Perhaps the item of clothing most synonymous with Japanese culture and style, the kimono has been a hallmark of Japan’s fashion industry for hundreds of years. However, the kimono style that we commonly recognize today was cultivated in the late nineteenth century and since then, has garnered much popularity abroad, being incorporated into Western fashion lines. Now, it’s easy to find a kimono with a quick search online, but how did this popular outerwear garment come to be?
Unwrapping the Origins of the Kimono
Kimonos have been worn in Japan for centuries, long before they made their appearance in Western fashion. The first known clothing items to resemble kimonos are estimated to have been made in the Heian Period of Japan, which lasted from 794-1185. At the time, kimonos were more formal, and the kosode is the basis for the kimonos we know today.
However, while a common item to own, not all kimonos were the same. For instance, in the Edo Period of Japan (1603-1868), kimonos were a class marker. This is because kimonos were worn regularly, if not daily, and were prone to wear and tear. While poorer citizens could not afford to replace their kimonos, those of the wealthier class could easily purchase replacements and kimonos of more excellent fabrics, such as silk. As a result, social statuses were showcased through the kimonos worn by different citizens.
However, as the late-nineteenth-century progressed and Japan began to open its borders to more trade with European nations, Western interest in the kimono grew and reshaped the garment’s purpose. Now, Japanese designers have begun to market kimonos for Western buyers. Some changes included adding additional fabric panels and an easy-to-tie sash of the same fabric so that kimonos could be worn as simple petticoats and robes. While not the traditional form of kimono created in Japan, this style of kimono became incredibly popular all across the globe and continued to be innovated into the form of Western kimonos we see in fashion today.
Kimonos in Western Fashion
Since their introduction into Western fashion, kimonos have become a vastly popular outerwear garment in Europe and the Americas. As kimonos garnered prevalence in the Western world, new patterns and fabrics became incorporated into the garment’s design. These kimonos are characterized by bright colors and intricate patterns that catch the eye. In America, kimonos have become far less formal clothing and more casual outerwear. Today, Western nations often wear kimonos as light coverups akin to cardigans or robes for home or at the beach. While vastly different from the kimonos of the Heian and Edo periods, they carry on the garment’s tradition.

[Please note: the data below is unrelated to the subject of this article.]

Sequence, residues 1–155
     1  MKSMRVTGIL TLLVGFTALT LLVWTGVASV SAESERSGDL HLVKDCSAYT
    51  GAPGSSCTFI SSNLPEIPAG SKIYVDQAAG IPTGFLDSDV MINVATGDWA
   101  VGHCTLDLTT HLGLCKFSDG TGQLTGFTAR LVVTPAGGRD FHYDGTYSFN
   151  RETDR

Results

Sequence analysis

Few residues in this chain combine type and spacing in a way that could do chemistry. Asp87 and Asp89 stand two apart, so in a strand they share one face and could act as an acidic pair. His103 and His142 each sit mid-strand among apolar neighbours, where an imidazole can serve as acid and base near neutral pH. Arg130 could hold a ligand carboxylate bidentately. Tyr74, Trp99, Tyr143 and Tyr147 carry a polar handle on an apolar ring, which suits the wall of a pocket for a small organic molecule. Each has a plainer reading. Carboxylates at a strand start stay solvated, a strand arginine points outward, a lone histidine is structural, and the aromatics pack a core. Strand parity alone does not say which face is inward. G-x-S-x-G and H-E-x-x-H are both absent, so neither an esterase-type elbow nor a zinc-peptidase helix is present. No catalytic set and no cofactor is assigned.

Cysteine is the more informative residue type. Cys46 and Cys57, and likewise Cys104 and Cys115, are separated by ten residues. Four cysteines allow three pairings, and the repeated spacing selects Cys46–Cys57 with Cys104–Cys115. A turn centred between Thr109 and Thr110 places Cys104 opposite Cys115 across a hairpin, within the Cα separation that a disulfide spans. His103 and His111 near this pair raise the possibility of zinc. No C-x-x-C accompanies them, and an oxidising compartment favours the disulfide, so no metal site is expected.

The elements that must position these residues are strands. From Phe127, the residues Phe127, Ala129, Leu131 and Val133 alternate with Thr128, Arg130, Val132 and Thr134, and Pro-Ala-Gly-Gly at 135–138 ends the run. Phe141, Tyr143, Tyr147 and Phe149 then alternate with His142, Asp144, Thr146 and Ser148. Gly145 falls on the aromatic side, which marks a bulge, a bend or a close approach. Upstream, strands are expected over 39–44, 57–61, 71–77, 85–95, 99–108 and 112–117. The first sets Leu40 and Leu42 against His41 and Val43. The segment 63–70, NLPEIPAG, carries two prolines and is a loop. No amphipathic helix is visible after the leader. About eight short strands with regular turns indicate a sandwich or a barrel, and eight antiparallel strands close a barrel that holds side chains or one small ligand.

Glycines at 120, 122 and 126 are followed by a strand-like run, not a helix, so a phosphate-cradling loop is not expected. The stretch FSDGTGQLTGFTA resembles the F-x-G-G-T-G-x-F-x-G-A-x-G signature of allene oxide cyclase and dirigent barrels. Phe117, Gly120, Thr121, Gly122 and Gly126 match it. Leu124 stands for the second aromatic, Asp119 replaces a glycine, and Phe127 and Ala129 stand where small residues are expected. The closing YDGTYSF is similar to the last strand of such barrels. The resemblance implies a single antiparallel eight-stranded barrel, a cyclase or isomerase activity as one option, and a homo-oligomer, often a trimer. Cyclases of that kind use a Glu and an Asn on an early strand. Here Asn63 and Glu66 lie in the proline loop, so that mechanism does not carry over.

Western high fashion designers have also taken a great interest in the kimono. For instance, in 2003, Alexander McQueen incorporated kimono elements to create a structured kimono-style jacket, which became wildly popular. Kimono styles are prevalent throughout McQueen’s work, with many of his pieces featuring long, layered fabric sleeves, intricate Eastern-style patterns, and cinched waist wraps.
Kimonos are an everyday fashion staple among popular Western musicians. Freddie Mercury of Queen was known to wear kimonos onstage in the 1970s. David Bowie incorporated kimono robe pieces into the Ziggy Stardust era. Bj ⁇ rk famously wore a traditional style kimono garment on the cover of her 1997 album Homogenic. Considering these examples, it’s hard to refute the kimono’s popularity in Western fashion.
Kimonos for Everyday Wear
As kimonos have become more Westernized, they’ve also become a more casual garment. Now, it’s easy to search online and find a beautifully patterned silk robe to toss on over your outfit – a far cry from the kimonos of the Edo era! Today, many people enjoy kimonos as outerwear and loungewear, uniquely incorporating them into their style. Kimonos seen in Western fashion outlets today tend to be of various lengths; some are short, about the length of a typical cardigan, while others can flow to the floor in a more traditional style. Fabric types of kimonos also vary from the traditional silk to velvet, to even lace.
The popularity of kimonos today is an enduring testament to the influence that Japanese culture has had worldwide. Though the way kimonos are made and worn have changed, they continue to be incredibly stylish and comfortable garment. With a vast array of fabrics, patterns, and styles to choose from, adding a kimono to your wardrobe is a great way to try a new outerwear style and celebrate Japanese culture and fashion.
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